Remarks at Anchorage, Alaska.
General Hill, Secretary Kissinger, Lieutenant Governor, Mayor Sullivan, Mayor Roderick, General Gamble, General Marks:
I guess I am what you Alaskans call a "chee cha ko," a newcomer. But I am no newcomer to the knowledge that this great land within another great land, the United States, is a great and wonderful partner of all of the rest of us in this great land.
There is something very special, I have observed, very special about the pioneer spirit that is not only alive but is growing in Alaska. Alaska gives all of us an inspiring farewell boost as Secretary Kissinger and I proceed to enhance the quest for peace and improved international relations.
I would like to commend Alaska for its determination to be a leading State in providing the United States with self-sufficiency in energy.
I commend you that Alaska is proceeding, with careful and efficient planning, to produce more oil in harmony with appropriate environmental concerns. This is important for you and for the rest of us.
Personally, I am very proud to stop and visit with you for a few minutes today. It has been my good fortune to be in Alaska on several occasions in the past and travel over a good part of this great State.
Then as now, it brought back the memories in the Congress of the United States where, on more than one occasion, I was called upon to vote on whether Alaska should be given statehood. You wouldn't be familiar with the record, but I am. I was proud then, and I am proud now, to have always voted for Alaskan statehood.
I deeply regret the very severe storm and flood damage that ravaged Nome and the Seward Peninsula area in recent days. It is a sad and tragic story, and at the Governor's request, a major disaster declaration was issued by me in Washington so that the area could and will receive immediate assistance.
That is the least we can do, and with that assistance goes our prayers for the very best under those difficult circumstances.
Quick action in this emergency must be taken to aid those affected and afflicted, the Eskimos and others, and we wish them the best in their hour of need.
The State of Alaska is geographically separated from our other States--it took us 7 hours and 20 minutes, I think, to fly from Washington, D.C.--but let me say with emphasis, Alaska is very close to our hearts, to all of those in the "Lower 48."
The hearty people of Alaska, together with the alert Armed Forces stationed in this very strategic area, are a source of great pride to all of us, all of us Americans.
Let me reassure you today that this Administration is energetically seeking world peace but remains very aware that the best insurance for peace is the maintenance of a first-class military force ready for action for the defense of America and freedom everywhere.
We have strong, ably led, well-equipped, dedicated, superb individuals in the Armed Forces of the United States, and I, as Commander in Chief, am very, very proud of the job that has been done and will be done in defense of our country and freedom throughout the world.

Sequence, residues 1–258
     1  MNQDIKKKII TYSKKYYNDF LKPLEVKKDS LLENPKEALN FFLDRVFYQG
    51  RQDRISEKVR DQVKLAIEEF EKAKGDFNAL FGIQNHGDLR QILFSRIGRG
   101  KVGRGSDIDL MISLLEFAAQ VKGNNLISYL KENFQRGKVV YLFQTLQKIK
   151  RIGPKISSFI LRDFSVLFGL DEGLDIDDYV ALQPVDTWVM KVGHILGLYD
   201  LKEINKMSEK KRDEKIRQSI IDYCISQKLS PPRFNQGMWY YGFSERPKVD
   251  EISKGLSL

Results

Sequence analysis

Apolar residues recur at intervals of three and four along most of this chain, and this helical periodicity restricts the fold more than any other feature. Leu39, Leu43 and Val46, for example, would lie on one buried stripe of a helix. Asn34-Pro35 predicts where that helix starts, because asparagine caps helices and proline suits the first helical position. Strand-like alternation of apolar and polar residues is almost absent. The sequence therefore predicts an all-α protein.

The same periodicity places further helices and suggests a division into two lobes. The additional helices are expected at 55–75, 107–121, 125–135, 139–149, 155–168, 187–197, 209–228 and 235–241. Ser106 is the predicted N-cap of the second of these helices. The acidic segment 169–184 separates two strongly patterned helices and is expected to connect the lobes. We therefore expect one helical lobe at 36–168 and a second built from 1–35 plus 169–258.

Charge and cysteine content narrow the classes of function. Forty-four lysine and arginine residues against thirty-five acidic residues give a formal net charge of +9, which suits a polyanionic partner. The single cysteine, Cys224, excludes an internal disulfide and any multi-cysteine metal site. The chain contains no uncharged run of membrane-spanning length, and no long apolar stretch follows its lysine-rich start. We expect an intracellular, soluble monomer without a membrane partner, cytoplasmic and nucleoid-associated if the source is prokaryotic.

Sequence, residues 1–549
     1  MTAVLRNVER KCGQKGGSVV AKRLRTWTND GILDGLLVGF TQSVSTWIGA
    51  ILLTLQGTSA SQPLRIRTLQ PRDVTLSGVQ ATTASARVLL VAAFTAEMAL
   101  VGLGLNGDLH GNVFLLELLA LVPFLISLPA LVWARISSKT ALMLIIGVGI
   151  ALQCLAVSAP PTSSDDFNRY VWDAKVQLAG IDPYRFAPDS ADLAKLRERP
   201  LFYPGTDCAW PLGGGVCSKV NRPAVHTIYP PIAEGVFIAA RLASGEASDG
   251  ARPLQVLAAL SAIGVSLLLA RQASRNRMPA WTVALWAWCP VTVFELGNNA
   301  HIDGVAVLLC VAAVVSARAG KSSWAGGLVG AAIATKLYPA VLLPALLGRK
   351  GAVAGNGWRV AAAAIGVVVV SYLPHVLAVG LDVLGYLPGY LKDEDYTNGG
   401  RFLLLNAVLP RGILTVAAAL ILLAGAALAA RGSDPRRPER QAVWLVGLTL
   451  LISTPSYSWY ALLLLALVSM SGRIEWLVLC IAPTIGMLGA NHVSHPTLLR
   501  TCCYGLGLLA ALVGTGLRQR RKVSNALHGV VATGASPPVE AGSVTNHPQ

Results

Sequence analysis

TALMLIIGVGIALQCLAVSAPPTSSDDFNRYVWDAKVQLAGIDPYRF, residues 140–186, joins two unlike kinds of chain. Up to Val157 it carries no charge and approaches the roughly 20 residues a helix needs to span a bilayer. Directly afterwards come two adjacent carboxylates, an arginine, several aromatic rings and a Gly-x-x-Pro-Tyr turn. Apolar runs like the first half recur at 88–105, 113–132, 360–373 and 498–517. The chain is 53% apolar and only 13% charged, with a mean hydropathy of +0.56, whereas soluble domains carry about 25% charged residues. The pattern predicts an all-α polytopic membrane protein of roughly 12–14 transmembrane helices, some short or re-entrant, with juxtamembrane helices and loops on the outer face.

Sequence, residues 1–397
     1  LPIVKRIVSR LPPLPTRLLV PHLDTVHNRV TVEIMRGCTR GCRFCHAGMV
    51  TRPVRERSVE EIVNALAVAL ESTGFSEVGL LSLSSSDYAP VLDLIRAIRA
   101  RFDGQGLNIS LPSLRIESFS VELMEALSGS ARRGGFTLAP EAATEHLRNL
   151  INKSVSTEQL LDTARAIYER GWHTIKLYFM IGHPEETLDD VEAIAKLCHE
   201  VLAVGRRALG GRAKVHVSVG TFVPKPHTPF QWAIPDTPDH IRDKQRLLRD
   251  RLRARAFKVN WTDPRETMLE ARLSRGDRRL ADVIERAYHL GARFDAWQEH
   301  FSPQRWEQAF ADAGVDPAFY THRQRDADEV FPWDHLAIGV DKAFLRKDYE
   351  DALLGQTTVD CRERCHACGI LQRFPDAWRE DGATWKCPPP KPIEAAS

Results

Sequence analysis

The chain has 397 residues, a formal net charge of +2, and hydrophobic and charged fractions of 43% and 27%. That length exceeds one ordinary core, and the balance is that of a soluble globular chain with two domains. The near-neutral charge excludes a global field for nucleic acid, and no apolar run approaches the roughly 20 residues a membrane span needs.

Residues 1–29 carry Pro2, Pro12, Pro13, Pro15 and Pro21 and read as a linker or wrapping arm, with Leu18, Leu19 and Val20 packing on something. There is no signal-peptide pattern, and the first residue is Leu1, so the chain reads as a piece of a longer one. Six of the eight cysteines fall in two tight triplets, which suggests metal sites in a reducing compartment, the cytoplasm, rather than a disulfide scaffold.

Let me assure you that there will be no lessening in this Administration of my support for a strong Army, Navy, Air Force, and Marines, and the Coast Guard. All of us have an interest in the defense of Alaska. Your defense is our defense.
Just a few weeks ago the Secretary of Defense visited Alaska, and I am deeply interested in his recommendations. And upon my return from this mission abroad, I will discuss with the Secretary his recommendations for the strengthening of our defense forces in all of the United States, including Alaska.
Let me reassure Alaska on another subject. It relates to the depletion of our fishery resources by other nations. You can be sure that this matter is high on the agenda, on the list of priorities for diplomacy as far as I am concerned.
As I said at the beginning, I am departing today as a "chee cha ko," a newcomer, but I hope to return next week on my way home as a "sourdough."
I thank all of you for taking the time on a beautiful Sunday and coming to give me and my party a send-off welcome. I am deeply appreciative and very, very grateful. I can assure you that I and the others will do our best on an important and constructive mission.
I thank you all for the send-off. May God bless our efforts as we go forth from here.
Note: The President spoke at 12:15 p.m. at Elmendorf Air Force Base. In his opening remarks, the President referred to Lt. Gen. James E. Hill, USAF, Commander-in-Chief, Alaska; Maj. Gen. Jack K. Gamble, USAF, Commander, Alaskan Air Command; Maj. Gen. Sidney M. Marks, USA, Commanding General, United States Army, Alaska; Lt. Gov. H. A. Boucher of Alaska; and mayors George M. Sullivan of Anchorage and Jack Roderick of the Greater Anchorage Area Borough.
Gerald R. Ford, Remarks at Anchorage, Alaska. Online by Gerhard Peters and John T. Woolley, The American Presidency Project https://www.presidency.ucsb.edu/node/256893